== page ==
Arjen Robben knows all too well that failure is not something that is quickly forgotten.
Philadelphia, PA (Sports Network) -
Netherlands winger Arjen Robben knows how it feels to come close.
As a member of Bayern Munich in 2010, Robben lost to Inter Milan in the Champions League final and went on to reach the World Cup final with the Dutch, only to come up short against Spain.
And this season has been more of the same for the 28-year-old, who was a member of the Bayern side that finished second in the Bundesliga to Borussia Dortmund, lost in the final of the German Cup to Dortmund and was denied by Chelsea in the Champions League final on penalty kicks in heartbreaking fashion.
Robben not only missed a big penalty kick in a key league match against Dortmund late in the season, but he failed to beat Chelsea goalkeeper Petr Cech from the spot in extra time in the Champions League, which very well could have won the game for the German side.
Despite being regarded as one of the game's top players, it is the disappointments that stick with Robben the most.
"That remains in your head for the rest of your career," Robben said of his failures. "I still have a few years as a footballer, but when you look back at a long career, those are the moments you remember."
Fortunately for Robben, he has a great chance to vanquish some of those ghosts with the Netherlands this summer at Euro 2012.
The Dutch looked like the best team on the planet at Euro 2008, outscoring its opponents by a combined score of 9-1 in the group stage. They then had a disappointing exit at the hands of Russia in the quarterfinals.
At the 2010 World Cup, the Netherlands proved it belonged among the world's elite by dispatching Brazil and Uruguay on its way to the final, which ended with a goal from Spain's Andres Iniesta in extra time for a 1-0 defeat.
And while many of the same players return to make another run at a major title, there is no doubt this current group is running out of chances.
The 1988 European Championship remains the only major title the Dutch have ever won, while the country's famed "Total Football" teams of the 1970s will forever be remembered for playing a style that was easy on the eyes but short on silverware.
Those teams reached back-to-back World Cup finals in 1974 and 1978, only to lose both, which is a fate that this Oranje side is hoping to avoid.
On paper, Bert van Marwijk's team is one of the most talented in the tournament, and has to be considered among the favorites along with Spain and Germany.
Despite being placed in a tough group with Germany, Portugal and Denmark, expect the Dutch to make another deep tournament run, and one that carries with it a sense of urgency.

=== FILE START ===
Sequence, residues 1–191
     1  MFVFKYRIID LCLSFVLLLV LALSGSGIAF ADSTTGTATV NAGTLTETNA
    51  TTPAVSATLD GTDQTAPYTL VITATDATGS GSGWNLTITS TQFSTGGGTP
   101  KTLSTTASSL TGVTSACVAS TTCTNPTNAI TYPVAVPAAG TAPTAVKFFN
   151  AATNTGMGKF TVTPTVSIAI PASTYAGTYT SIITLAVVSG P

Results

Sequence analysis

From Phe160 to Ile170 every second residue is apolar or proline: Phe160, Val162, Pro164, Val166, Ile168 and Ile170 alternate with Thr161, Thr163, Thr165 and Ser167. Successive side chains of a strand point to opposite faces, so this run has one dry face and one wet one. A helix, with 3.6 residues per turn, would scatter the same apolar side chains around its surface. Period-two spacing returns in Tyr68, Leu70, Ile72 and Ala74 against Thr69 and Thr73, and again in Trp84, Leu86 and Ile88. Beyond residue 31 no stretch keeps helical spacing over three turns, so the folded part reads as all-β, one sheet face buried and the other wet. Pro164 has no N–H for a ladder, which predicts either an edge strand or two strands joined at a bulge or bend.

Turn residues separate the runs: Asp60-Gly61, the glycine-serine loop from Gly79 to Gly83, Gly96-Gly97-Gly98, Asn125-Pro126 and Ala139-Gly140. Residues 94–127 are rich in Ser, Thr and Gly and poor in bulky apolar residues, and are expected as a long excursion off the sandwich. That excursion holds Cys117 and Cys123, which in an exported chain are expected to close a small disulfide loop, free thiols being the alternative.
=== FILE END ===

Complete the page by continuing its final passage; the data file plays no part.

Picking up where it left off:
The club is blessed with a handful of gifted, attacking players, in strikers Robin van Persie and Klaas-Jan Huntelaar, while midfielders like Robben, Wesley Sneijder, Rafael Van der Vaart and Dirk Kuyt give the team world-class playmaking ability.
But each is at least 28 years old, with Van Persie, Robben and Sneijder in particular having each battled extensive injury problems in recent seasons, which could ultimately shave a few years off their brilliant careers.
The Dutch back line has been the biggest area of concern ahead of Euro 2012, and although players like Khalid Boulahrouz, Wilfred Bouma and Joris Mathijsen are solid veterans, each is over 30, meaning that a new group of defenders must emerge in the coming years for the team to maintain its lofty status.
Not only does this appear to be a Dutch team at the peak of its powers, but it also could be an opportune time to catch a team like Spain, which has been the best in the world over the past four years.
Spain will be without leading scorer David Villa and veteran defender Carles Puyol because of injury, and you have to think that just the sheer number of matches over the past few years for the Spanish players will catch up with them at some point.
Germany is really the only other team that appears to be on the same level with Spain and the Netherlands, and the Oranje will get an early glimpse of them in the group stage before possibly meeting up with the Germans further down the road.
In two years' time at the 2014 World Cup in Brazil, many of the core players on this Dutch team will be on the wrong side of 30, not to mention the fact that it will be very difficult to win the competition in South America.
There have been six World Cups to be staged in South America or Mexico, and each time the tournament was won by a South American side.
Robben is still considered to be among the world's best players, but lately he has come to be defined more by his failures than his considerable talent.
Likewise, the Netherlands is viewed as one of the world's best teams, but one that usually finds a way to come up short.
At Euro 2012, both will have a chance to forever change those opinions.
As Robben knows all too well, failure is not something that is quickly forgotten.